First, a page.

• tillyhumphreys

The Aid Workers - #HumanitarianDay

Updated: Dec 16, 2020

We know about the challenges for charities working within the UK, but what about those that are working abroad? This Humanitarian Day, we want to celebrate aid workers and highlight the challenging work of our small international charities who are working with some of the most vulnerable people in the world.


Although the sector as a whole has been hit hard by COVID-19, international charities and organisations have received some of the biggest blows. Few are eligible for the Government’s Coronavirus Community Support Fund, and many trusts and foundations have amended their criteria, and no longer include projects abroad.


What is certain however, is that this community of aid workers are still tirelessly working to try help transform the lives of their beneficiaries. We asked our members what the life of an aid worker is like at the moment, and here is what they had to say.


EdUkaid


Since 2003, EdUKaid has been helping the poorest children in Tanzania to get the education they so desperately need. Based in the remote Mtwara region of southern Tanzania, their work is in partnership with local communities to improve the quality of education so that children have the chance of a better life.


1. What does it mean to be an aid worker, working during the COVID-19 crisis?


As an aid worker I am used to having to respond to different challenges and working for a small charity means that I can adapt more easily than perhaps those working for large NGOs. This meant that my charity, EdUKaid, was able to react quickly to COVID-19 in Tanzania during the outbreak and respond appropriately as the situation changed. The biggest challenge has been the impact on our income at the time when our beneficiaries need us more than ever.


2. As an aid worker, what kind of world are you living in right now?


A world full of hope and opportunity. Our beneficiaries show us every day that, with a little help, you can still achieve so much even in most difficult circumstances.


3. What does the future look like for those you work with?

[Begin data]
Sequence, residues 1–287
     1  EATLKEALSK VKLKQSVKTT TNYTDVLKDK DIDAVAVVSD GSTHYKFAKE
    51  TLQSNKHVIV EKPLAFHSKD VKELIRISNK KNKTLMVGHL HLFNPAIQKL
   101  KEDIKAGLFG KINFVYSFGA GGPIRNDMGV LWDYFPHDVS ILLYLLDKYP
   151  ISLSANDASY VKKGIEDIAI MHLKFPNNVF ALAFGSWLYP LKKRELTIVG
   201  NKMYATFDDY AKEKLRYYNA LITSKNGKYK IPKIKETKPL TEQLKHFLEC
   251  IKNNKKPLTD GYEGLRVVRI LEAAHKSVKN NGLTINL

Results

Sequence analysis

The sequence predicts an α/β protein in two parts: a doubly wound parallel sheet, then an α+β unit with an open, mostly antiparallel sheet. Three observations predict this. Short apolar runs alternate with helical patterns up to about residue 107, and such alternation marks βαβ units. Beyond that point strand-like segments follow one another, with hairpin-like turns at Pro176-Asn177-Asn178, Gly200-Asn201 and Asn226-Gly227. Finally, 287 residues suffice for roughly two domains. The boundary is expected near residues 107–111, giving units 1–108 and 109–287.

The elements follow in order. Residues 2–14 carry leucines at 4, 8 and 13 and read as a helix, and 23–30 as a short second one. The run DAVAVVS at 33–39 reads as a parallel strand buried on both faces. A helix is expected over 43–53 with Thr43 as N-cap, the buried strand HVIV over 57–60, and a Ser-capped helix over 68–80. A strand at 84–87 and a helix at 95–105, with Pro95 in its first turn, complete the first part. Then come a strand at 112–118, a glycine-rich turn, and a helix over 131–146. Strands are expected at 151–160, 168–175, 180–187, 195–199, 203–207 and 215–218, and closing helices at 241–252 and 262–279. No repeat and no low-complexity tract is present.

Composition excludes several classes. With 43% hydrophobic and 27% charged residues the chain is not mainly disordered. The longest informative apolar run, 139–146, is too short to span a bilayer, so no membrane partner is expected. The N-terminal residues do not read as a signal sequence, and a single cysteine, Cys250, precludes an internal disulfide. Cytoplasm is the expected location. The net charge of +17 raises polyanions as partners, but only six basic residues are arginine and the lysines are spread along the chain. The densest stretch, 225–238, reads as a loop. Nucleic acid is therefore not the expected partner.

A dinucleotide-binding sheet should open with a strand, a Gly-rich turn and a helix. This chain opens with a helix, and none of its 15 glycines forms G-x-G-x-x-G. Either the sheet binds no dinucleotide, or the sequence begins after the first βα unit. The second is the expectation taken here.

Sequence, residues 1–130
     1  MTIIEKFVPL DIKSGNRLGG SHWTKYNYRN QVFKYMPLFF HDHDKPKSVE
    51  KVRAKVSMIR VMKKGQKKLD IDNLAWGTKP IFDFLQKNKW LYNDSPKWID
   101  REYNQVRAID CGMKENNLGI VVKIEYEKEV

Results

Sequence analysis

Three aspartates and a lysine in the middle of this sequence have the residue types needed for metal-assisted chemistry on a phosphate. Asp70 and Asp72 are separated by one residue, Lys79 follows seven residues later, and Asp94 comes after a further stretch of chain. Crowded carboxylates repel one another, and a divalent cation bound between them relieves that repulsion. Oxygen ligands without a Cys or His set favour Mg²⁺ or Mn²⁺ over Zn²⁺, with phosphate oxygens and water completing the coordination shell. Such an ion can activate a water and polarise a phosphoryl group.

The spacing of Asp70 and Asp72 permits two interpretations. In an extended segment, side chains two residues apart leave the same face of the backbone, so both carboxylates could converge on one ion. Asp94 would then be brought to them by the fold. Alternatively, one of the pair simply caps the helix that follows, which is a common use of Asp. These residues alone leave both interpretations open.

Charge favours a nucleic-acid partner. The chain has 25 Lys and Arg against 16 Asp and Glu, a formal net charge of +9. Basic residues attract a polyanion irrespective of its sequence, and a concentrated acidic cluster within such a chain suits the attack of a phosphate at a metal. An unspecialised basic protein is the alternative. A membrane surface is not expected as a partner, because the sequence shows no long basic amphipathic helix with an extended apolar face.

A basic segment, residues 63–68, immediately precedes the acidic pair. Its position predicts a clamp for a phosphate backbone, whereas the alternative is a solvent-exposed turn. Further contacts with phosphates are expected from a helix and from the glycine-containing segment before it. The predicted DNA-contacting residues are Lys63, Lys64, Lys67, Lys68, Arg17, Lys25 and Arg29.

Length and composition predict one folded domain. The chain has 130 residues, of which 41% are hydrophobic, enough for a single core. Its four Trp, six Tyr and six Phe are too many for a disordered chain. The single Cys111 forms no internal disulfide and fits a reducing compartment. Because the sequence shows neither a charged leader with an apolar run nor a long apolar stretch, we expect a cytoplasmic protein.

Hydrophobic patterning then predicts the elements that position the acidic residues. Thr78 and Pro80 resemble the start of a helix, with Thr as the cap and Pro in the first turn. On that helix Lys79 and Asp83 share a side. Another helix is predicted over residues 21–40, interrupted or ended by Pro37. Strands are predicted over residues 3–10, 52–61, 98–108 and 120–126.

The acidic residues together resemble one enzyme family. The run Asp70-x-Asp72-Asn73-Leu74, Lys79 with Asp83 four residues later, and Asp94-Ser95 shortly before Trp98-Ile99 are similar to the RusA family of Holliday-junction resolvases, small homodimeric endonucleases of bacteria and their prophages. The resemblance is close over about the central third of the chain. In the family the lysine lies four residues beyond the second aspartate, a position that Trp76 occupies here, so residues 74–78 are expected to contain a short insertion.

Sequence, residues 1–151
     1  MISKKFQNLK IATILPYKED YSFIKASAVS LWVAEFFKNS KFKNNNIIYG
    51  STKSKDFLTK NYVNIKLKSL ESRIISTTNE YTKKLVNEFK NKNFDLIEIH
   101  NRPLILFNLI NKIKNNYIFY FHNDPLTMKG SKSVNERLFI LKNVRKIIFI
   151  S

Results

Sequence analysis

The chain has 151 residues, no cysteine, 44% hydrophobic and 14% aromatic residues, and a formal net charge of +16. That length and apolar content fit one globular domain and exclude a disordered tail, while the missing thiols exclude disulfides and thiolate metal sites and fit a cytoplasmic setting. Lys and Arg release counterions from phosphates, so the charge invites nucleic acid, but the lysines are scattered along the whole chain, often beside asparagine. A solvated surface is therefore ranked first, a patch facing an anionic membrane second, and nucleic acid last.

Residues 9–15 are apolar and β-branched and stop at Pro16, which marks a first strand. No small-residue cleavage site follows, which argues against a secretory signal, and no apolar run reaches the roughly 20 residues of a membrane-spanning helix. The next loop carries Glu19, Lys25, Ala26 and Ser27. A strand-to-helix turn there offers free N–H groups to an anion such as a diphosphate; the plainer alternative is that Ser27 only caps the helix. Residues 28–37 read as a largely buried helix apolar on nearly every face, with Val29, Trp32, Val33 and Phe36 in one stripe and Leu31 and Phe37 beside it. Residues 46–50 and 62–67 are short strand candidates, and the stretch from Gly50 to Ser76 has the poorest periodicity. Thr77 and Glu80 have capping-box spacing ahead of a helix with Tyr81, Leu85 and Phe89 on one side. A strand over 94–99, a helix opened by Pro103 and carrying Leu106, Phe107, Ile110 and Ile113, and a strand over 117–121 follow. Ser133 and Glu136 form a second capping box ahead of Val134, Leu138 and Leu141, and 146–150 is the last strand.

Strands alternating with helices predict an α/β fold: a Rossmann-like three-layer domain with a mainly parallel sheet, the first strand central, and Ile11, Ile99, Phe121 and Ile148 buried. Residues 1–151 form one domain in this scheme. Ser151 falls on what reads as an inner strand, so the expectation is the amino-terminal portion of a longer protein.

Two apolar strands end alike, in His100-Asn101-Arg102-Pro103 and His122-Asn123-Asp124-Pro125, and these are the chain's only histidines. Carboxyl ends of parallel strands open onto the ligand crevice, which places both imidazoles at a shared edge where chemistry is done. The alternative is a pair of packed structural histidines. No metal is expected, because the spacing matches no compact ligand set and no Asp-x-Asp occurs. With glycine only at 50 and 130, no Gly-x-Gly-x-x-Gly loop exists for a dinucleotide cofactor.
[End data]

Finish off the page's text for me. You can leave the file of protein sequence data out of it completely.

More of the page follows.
For the communities in which we work, life and death is an everyday occurrence and they are more fearful of malaria or hunger than COVID-19. These people live hand to mouth, day to day, so future is a difficult concept to consider. As an aid worker I am fearful that much of the incredible progress achieved by the small NGOs will be lost as funding disappears and charities risk closure and fearful that this ‘world full of hope and opportunity’ will disappear for the poorest communities.


https://www.edukaid.com/


RARE


In 2008, Rare Tea Company began working with Satemwa Tea Estate in Malawi, Africa. Founder Henrietta Lovell visited Satemwa and saw the possibility of creating social change by re-investing a percentage of the revenue from Rare Tea sales into the young people connected to the Estate. Rare Charity’s focus is to create educational opportunities within tea producing communities.


1. What does it mean to be an aid worker, working during the COVID-19 crisis?


It's subjective, but I would say that it means that you continue your commitment to support the most vulnerable and deliver programmes as safely as possible.


2. As an aid worker, what kind of world are you living in right now?

The same world as we are all living in - none of us are safe until all of us are safe. The world has got more dangerous now, but COVID is one of the many challenges Malawians face.


3. What does the future look like for those you work with?


We stay hopeful. It depends on the spread of COVID in Malawi.


https://www.rarecharity.com/


S.A.L.V.E